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Embezzlement Punishment

Embezzlement, like fraud, can be classified as a misdemeanor or a crime depending on the value of the property taken.

  • Embezzlement of less than $50 in value can be considered an infraction, punishable by a fine . This choice is not available if the defendant has previous fraud or other convictions, and he or she will be charged with a misdemeanor.
  • Embezzlement of less than $950 in value is considered a misdemeanor. The offender faces a maximum sentence of six months in prison and a fine.
  • Grand theft, which can be a misdemeanor or a felony, is prosecuted when someone allegedly embezzles more than $950 in the property. A misdemeanor conviction carries a maximum sentence of one year in prison. A felony, on the other hand, will result in up to three years in jail.

In California, the embezzlement of public funds is handled differently. If anyone is accused of stealing public funds, they will be charged with a crime. A conviction not only carries fines and the possibility of jail time but also disqualifies the individual from holding positions in local or state government.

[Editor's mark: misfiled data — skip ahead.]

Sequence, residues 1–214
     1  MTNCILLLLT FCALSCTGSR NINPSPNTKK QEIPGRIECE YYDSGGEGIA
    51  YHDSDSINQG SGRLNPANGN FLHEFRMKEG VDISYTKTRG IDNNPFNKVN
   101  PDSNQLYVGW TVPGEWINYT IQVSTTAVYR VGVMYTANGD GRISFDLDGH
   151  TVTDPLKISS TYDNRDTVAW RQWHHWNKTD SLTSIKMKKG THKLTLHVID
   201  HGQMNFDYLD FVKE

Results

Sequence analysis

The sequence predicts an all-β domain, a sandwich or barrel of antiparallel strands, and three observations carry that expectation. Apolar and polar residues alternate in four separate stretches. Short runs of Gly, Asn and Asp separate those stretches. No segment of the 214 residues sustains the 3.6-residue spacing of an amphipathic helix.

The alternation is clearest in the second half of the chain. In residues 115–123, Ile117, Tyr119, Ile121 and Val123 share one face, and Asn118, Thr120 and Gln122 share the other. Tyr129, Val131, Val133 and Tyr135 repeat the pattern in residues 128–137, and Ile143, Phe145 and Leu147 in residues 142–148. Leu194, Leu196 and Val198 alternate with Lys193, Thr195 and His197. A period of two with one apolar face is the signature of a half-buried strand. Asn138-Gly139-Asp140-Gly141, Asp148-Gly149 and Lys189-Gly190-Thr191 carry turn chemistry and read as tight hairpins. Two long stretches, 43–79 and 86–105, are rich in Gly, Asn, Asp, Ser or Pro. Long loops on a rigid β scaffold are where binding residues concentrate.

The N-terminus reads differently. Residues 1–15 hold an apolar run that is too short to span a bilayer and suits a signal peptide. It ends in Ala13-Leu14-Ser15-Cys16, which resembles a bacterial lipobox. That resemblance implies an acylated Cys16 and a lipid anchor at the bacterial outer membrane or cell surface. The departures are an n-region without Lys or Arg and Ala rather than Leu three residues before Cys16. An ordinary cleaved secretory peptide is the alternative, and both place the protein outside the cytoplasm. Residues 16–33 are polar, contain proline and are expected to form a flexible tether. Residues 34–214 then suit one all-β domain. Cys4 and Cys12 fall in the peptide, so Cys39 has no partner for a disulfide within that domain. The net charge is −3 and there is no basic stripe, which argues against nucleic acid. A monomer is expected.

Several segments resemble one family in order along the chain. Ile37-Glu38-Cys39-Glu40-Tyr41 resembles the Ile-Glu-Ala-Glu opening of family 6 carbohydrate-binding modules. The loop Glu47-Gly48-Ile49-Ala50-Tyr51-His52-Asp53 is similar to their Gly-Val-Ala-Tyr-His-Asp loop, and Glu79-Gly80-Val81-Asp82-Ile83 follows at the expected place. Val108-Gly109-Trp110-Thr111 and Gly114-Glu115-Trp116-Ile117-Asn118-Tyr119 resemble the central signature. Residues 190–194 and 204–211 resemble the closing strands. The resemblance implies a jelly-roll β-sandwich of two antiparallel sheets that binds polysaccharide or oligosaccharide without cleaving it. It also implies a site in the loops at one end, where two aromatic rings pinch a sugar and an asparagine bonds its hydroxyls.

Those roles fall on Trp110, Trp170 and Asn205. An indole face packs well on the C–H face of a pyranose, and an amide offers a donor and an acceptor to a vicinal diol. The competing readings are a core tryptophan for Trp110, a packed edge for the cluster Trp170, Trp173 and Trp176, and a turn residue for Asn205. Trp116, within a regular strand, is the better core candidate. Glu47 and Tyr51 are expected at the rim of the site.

An Embezzlement Claim's Exacerbating Factors

When aggravating factors are present, many offenses carry harsher punishments, such as higher fines and longer jail terms.

Such aggravating factors in the case of embezzlement under California law are:

  1. Taking from elderly or helpless people
  2. The white-collar crime enhancement is applied when a criminal is convicted of two or more felonies involving fraud or embezzlement in the same case, resulting in a loss of more than $100,000 to another individual

Who Can Be Charged with Embezzlement?

The act of misappropriating funds or property that has been entrusted to an individual by a company is known as embezzlement. As a result, someone hired by a company to oversee funds and/or property can be sued if he or she improperly appropriates such funds for personal benefit.

The most common perpetrators of embezzlement are a corporation, an employee, or an employer. It's not shocking that embezzlement often includes a high-ranking corporate official, such as:

  • Executive Vice President (CEO)
  • Managing Director of Finance (CFO)
  • Officer of a Non-Profit Organization
  • Leader of the Church
  • Figure in Politics
  • Director of Operations
  • CPA (Certified Public Accountant)
  • Broker of Investments
  • Broker of Real Estate